Frameworks for Your Ideas—Problem, Solution, Process

If you’re an idea entrepreneur, you’re on a mission. You want to help people solve an urgent problem by using a process—a plan of action that involves new behaviors.

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This is the purpose of most business, self-help, and other “how to” books. They’re all about:

  • Diagnosing a problem
  • Offering a solution
  • Presenting a process to solve the problem

In short—problem, solution, process.

Example—Getting Things Done

In his book Getting Things Done: The Art of Stress-Free Productivity, David Allen targets a problem experienced by millions of us—feeling overwhelmed by the sheer number of things we want to remember and do.

Traditional to-do lists and time management strategies don’t relieve this feeling, says David. We end up trying to keep track of all our commitments in our head, constantly fearing that we’re still forgetting something important.

The result is mental clutter—a state of distraction that leads to a constant, low-level stress. That’s a problem.

The solution that David offers is “mind like water.” This is the freedom from distraction that we experience when we stop tracking commitments in our head.

We experience “mind like water” by adopting a cluster of habits:

  • Collecting emails, voice mails, paper-based mail, meeting notes, and other “information inputs”
  • Clarifying those inputs to determine what requires follow-up action, what can be filed for future reference, and what can be tossed or ignored
  • Organizing reminders to take that follow-up action by using a calendar and specific set of lists
  • Reviewing those reminders in the light of your personal mission and vision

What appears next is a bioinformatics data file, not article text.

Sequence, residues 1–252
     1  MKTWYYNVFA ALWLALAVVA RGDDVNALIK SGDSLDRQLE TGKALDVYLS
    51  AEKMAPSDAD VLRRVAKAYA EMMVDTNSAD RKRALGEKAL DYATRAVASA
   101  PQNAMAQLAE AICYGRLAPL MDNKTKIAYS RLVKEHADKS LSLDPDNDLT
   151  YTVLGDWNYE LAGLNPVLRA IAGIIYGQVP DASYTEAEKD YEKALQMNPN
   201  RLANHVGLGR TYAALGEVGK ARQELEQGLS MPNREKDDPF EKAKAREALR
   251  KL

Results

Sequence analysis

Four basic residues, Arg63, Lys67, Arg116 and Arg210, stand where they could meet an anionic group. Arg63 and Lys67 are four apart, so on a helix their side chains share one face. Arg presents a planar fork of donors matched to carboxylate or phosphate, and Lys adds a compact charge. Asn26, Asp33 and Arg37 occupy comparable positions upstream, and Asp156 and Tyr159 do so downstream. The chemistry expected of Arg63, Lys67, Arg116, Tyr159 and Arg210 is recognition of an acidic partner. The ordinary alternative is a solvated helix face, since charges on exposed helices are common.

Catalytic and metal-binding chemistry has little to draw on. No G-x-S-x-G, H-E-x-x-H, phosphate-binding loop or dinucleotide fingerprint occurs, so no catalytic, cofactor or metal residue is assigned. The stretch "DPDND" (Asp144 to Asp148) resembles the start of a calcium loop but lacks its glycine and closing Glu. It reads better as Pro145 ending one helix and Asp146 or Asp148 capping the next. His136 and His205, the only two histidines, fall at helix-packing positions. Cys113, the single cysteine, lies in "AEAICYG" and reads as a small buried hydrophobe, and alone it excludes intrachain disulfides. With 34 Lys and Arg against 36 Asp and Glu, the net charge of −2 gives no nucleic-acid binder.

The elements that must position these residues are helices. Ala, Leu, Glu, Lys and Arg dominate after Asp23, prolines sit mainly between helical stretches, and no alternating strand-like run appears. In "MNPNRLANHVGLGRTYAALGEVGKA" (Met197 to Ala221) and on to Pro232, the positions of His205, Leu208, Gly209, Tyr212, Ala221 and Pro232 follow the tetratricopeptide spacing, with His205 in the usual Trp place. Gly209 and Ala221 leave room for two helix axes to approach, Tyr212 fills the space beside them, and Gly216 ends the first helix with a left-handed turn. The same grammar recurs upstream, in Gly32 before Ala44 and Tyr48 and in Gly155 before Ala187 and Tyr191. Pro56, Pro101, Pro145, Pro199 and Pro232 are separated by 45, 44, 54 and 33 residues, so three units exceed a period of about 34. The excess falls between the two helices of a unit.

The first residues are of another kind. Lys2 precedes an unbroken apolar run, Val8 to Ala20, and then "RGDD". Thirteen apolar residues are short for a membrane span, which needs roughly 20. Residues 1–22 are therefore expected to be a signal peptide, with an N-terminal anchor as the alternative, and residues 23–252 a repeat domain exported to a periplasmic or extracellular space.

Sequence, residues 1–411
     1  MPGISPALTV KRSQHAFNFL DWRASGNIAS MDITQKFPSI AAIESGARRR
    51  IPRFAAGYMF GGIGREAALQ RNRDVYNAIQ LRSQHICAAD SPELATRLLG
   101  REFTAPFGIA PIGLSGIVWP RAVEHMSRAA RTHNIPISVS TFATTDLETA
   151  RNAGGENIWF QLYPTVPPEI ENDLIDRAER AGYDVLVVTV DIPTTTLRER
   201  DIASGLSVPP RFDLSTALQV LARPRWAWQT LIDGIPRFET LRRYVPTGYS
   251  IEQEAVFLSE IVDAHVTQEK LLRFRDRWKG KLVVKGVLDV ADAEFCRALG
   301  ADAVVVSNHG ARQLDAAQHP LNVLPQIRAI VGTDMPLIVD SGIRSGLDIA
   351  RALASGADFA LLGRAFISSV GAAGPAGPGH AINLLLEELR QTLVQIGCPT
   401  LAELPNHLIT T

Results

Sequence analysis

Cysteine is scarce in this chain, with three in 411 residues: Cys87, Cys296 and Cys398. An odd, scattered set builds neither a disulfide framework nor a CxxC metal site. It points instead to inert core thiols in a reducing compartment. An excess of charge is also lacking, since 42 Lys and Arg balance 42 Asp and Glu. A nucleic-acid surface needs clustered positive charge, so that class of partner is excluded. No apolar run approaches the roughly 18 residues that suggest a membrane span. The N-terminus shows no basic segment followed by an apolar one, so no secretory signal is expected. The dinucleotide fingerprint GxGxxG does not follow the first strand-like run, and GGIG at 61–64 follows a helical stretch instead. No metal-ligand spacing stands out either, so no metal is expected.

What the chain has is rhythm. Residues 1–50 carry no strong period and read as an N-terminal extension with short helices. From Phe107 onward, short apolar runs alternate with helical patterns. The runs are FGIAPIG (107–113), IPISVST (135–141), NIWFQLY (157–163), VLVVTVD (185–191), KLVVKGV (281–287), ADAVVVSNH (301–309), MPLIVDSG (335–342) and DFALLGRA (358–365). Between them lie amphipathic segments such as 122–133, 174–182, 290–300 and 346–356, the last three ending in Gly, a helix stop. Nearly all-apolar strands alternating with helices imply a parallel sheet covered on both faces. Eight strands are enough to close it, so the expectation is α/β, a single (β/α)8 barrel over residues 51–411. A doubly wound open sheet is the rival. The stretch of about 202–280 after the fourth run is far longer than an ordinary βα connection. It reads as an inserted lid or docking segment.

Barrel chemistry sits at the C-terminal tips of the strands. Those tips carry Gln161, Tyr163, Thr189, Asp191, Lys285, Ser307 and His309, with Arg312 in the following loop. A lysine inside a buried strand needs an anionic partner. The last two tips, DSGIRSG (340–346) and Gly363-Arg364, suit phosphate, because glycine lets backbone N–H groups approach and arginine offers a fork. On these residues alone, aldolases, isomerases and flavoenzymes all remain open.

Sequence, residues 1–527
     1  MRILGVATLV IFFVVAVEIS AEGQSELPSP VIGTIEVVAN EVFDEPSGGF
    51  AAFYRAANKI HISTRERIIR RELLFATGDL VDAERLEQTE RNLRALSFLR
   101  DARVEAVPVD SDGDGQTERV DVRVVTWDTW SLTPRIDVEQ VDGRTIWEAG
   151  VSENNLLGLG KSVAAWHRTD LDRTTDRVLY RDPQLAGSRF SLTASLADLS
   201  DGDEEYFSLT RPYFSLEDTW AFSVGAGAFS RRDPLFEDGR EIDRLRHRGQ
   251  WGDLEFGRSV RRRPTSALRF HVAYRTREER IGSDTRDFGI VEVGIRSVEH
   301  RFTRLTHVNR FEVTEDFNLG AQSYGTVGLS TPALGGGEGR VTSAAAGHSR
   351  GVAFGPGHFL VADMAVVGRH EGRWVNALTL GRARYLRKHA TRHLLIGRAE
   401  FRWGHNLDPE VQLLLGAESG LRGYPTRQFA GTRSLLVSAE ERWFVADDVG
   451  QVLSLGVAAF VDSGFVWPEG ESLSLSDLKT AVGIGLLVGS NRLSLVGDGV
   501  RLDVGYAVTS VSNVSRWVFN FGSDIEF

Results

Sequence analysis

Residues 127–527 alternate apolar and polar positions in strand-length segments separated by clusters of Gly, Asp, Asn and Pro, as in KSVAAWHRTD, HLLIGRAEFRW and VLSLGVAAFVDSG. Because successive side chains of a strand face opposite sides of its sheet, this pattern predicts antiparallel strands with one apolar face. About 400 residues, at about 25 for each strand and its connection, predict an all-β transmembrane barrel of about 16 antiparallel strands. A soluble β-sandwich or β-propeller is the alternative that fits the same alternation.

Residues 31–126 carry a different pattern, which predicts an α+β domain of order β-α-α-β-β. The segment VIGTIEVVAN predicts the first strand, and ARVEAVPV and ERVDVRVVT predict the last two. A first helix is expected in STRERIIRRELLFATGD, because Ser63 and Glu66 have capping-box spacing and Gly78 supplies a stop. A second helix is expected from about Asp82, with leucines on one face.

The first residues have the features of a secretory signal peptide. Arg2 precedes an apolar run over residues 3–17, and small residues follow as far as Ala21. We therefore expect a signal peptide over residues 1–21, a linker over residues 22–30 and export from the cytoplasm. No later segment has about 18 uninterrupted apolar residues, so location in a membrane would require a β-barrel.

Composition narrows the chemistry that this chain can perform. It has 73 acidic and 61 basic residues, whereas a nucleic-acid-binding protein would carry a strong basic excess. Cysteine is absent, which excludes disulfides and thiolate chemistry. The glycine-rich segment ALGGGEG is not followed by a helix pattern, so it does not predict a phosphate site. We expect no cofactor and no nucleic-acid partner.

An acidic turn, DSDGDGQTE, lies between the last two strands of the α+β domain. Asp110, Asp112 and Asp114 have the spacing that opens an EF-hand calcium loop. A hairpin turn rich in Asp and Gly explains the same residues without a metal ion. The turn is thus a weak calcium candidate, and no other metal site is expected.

• Engaging with the world by doing the items on noted in the calendar and lists

This reduces to:

  • Mental Clutter (Problem)
  • Mind Like Water (Solution)
  • Collect, Clarify, Organize, Review, Engage (Process)

There you have it—the essence of David’s teaching in 10 words.

Use this framework to fine tune your content

If you ever feel overwhelmed with information or confused about your fundamental message, get back to those three words—problem, solution, process. Can you map the information that you’ve captured to one of those three timeless categories? This is your path to clarity.

More specifically, ask:

Do I diagnose an urgent problem? Locate a pain point for the people in your target audience. Describe a situation that genuinely complicates their lives and keeps them awake at night.

Do I propose a clear solution? It must relate directly to the problem you diagnose and lead to the sweet pleasure of relief.

Do I explain a process that works? For Tucker Max and Zach Obront, authors of The Book In A Box Method, this is all about reassurance and guidance. It’s the part of your book where you say “here is how you are going to do this, I’m going to walk you through it, step by step by step, until you understand how to do it.”

The challenge is to propose a process that actually people can actually use. Offer genuine next actions—instructions for real behavior change. List tiny habits—small changes in behavior that require no motivation or special ability and lead to big results over time.

If you can’t answer these three questions with a clear yes, then your framework needs more work at a fundamental level. The sooner you discover this issue, the sooner you can fix it.

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